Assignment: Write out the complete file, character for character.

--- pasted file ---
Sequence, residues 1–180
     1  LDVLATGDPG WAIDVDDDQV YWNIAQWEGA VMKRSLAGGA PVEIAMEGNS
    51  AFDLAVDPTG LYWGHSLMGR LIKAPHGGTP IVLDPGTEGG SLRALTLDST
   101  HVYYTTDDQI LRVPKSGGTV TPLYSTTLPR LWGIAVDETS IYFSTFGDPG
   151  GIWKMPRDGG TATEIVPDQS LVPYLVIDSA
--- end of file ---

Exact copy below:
Sequence, residues 1–180
     1  LDVLATGDPG WAIDVDDDQV YWNIAQWEGA VMKRSLAGGA PVEIAMEGNS
    51  AFDLAVDPTG LYWGHSLMGR LIKAPHGGTP IVLDPGTEGG SLRALTLDST
   101  HVYYTTDDQI LRVPKSGGTV TPLYSTTLPR LWGIAVDETS IYFSTFGDPG
   151  GIWKMPRDGG TATEIVPDQS LVPYLVIDSA